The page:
We Love You, Avocado Toast. But We Love This Variation More

·3 min read

Getty / Juj Winn

Avocado toast has been seriously ubiquitous for a long time now, and I'm pretty sure that no one needs any more variations on how to make it delicious. But if you are in need of a break from AT, or, like me, don't love avocado, that doesn't mean you shouldn't have your own fancy toast to get excited about. And since we are heading into summer, I thought it was high time that we talk about tomato toast.

RELATED: 81 Delicious Ways to Use Avocado (That Aren't Just on Toast)

Traditional Tomato Toasts

The pairing of tomatoes and bread is nothing new. The Spanish have been serving pan con tomate, a grilled piece of toast lavished with olive oil, swiped with a cut clove of garlic and topped with grated fresh tomato, as a tapas dish forever. The French make pain aux tomates, embedding whole or halved confit tomatoes in a yeasted bread, and no one needs to begin the conversation about pizza both domestically and abroad. Shakshuka, that dish of spicy tomato sauce with eggs baked in it, is as much about the bread you dunk in it as the sauce itself.

The World's Easiest Tomato Toast

Obviously, any and all of these are absolutely fantastic any time of day including breakfast, but that is not the toast I am recommending here. The thing about avocado toast is that it is simple. Make toast, smush avocado, season, and eat. I don't need to start my weekday morning with a cooking project. Tomatoes in season are a thing of beauty, but they are also super juicy when raw, and I don't know about you, but soggy toast makes me sad. The secret here is to make a batch of fast tomato toast topper on the weekend, and then dole it out to myself straight from the fridge all week long.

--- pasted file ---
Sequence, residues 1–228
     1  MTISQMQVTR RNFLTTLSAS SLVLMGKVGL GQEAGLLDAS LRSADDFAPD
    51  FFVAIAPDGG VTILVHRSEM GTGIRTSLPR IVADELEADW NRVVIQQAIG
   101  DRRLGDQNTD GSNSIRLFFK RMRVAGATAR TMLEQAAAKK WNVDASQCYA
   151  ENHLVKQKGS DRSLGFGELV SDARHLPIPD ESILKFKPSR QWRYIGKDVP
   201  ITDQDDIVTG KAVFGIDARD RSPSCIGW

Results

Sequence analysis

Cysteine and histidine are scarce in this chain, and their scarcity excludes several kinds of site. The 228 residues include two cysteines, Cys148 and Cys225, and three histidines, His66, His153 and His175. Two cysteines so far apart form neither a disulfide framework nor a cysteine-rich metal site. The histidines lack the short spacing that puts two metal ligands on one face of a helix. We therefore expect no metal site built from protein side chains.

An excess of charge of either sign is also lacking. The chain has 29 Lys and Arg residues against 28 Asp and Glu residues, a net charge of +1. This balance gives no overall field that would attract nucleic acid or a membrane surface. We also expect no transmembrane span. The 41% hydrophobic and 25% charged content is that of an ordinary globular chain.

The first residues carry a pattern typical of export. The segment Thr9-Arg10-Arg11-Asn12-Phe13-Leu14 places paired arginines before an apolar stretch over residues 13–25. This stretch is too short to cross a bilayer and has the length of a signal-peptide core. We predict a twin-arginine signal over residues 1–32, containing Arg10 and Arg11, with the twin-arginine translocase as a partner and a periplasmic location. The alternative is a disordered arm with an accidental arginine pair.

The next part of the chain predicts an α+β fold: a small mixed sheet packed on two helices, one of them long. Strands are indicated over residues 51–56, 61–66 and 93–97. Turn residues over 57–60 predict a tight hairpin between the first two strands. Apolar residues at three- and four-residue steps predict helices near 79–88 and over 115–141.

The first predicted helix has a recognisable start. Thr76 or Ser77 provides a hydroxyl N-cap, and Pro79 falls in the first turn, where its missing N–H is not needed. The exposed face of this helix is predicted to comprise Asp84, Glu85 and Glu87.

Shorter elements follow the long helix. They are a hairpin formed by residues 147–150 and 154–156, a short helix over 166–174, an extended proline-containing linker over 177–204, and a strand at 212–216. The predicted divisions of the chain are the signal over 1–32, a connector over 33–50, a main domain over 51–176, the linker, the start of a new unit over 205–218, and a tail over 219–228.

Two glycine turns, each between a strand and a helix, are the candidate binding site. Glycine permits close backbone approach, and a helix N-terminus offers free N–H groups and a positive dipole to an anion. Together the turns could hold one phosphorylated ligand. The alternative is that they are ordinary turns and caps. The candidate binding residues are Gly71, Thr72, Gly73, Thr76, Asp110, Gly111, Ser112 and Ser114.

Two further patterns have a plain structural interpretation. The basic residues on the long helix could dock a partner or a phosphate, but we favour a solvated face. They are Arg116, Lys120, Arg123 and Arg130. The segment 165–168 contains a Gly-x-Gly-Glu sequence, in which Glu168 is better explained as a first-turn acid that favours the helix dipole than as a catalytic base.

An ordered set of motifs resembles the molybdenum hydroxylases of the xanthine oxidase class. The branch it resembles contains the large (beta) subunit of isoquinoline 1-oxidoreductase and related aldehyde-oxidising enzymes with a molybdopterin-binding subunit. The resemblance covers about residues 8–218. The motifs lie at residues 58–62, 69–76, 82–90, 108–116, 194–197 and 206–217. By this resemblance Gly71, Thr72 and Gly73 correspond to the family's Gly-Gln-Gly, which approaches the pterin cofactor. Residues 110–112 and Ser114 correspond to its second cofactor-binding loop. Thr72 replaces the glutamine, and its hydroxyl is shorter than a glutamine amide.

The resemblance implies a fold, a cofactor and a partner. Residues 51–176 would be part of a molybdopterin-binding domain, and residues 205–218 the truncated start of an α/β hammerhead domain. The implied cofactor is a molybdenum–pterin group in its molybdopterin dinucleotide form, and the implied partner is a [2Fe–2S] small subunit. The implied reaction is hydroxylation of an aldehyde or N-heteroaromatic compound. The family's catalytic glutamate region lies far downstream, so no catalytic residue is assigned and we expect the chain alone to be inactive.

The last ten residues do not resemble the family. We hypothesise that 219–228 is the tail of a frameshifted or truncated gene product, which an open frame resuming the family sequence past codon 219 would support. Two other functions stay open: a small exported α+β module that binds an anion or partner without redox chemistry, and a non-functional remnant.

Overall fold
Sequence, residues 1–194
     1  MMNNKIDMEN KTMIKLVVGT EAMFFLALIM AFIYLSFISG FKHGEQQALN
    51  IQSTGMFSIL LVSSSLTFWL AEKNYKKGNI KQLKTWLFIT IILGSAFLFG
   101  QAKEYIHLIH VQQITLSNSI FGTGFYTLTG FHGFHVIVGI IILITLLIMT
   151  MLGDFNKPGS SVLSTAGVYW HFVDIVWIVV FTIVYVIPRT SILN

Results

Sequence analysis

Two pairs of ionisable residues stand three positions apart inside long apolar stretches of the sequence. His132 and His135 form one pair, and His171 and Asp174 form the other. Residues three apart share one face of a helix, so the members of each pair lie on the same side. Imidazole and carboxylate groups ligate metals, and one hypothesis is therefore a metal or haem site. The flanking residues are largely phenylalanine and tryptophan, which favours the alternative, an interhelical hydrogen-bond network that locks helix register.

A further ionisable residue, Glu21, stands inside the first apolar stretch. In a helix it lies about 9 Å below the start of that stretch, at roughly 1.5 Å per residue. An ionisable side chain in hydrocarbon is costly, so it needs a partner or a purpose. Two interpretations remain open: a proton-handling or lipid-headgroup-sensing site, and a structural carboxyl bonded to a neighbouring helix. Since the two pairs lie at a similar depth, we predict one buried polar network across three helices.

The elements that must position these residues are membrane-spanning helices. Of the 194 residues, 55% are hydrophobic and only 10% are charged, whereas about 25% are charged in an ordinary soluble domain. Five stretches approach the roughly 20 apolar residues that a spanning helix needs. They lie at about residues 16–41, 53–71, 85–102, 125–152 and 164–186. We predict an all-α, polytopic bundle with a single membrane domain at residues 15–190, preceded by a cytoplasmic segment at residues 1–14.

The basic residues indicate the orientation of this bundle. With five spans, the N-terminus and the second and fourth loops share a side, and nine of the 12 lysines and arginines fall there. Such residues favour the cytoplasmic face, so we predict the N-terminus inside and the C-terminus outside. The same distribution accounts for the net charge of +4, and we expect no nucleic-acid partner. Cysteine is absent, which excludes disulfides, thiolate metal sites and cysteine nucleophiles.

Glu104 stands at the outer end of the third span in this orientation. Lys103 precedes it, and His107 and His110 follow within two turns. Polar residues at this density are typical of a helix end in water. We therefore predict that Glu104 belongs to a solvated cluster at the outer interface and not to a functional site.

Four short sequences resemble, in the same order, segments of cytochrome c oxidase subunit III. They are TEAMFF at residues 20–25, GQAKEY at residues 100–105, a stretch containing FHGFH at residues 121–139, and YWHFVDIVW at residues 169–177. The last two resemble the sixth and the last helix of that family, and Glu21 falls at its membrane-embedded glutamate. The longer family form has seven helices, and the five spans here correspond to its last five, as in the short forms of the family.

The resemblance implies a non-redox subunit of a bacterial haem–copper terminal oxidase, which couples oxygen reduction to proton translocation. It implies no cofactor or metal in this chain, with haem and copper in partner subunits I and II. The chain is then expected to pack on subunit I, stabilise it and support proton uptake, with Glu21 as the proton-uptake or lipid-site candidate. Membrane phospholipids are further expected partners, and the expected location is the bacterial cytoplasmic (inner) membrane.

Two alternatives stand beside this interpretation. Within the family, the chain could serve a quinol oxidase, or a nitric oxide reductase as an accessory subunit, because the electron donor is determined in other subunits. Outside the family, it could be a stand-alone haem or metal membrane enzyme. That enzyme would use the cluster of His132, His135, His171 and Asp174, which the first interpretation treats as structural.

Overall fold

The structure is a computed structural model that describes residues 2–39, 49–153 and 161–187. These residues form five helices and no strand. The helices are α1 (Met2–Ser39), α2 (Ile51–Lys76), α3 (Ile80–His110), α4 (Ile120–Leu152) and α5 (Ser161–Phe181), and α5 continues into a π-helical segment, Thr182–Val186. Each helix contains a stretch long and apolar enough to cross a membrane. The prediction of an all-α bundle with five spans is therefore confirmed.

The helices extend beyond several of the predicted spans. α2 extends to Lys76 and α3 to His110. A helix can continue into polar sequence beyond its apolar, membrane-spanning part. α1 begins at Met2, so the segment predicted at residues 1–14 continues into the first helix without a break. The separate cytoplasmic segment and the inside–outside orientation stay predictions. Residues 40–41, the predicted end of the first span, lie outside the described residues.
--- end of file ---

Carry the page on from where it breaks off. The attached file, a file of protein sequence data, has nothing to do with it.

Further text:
RELATED: 10 Common Types of Tomatoes—and What to Do With Them

How to Make Tomato Toast

Essentially, by draining and then cooking your tomatoes just enough to drive off the water, you end up with a tomato smoosh that can go on your toast without making it sodden. Here's all you do:

Prepare tomatoes

1. Slice tomatoes in half, then grate the cut sides on the large side of a box grater until all you have left is the skin.

2. Sprinkle grated tomato with a pinch of salt (plus a pinch of sugar if your tomatoes aren't particularly ripe and a little lemon or lime zest if you are feeling perky) and put the seasoned grated tomatoes in a colander over a bowl. Let drain for an hour at room temp. (You can drink the tomato water or save for a vinaigrette or soup.)

3. Put the drained tomatoes in a skillet and cook over medium high heat for just a few minutes to release the last of the water. Don't cook too much, or you will lose the fresh flavor.

4. Taste and adjust seasoning, just remember this is for your tomato toast and not a topper for pasta.

5. Let cool to room temp, then store in an airtight container in the fridge for up to a week.

Assemble tomato toast

1. Toast the bread of your choice (I like a hearty country style or sourdough).

2. Butter the toast while hot, then add as much tomato topping as you like. I tend to keep it simple, but feel free to add some crumbles of cheese, a poached or fried egg, or a thin slice of prosciutto. Voila!

Note: The butter is the key to my tomato toast. Sure, olive oil is delish, but buttered toast is breakfast to me, and butter and tomato are great pals. Want a bit of a bonus breakfast surprise? Top with some chopped fresh mint. Trust me.

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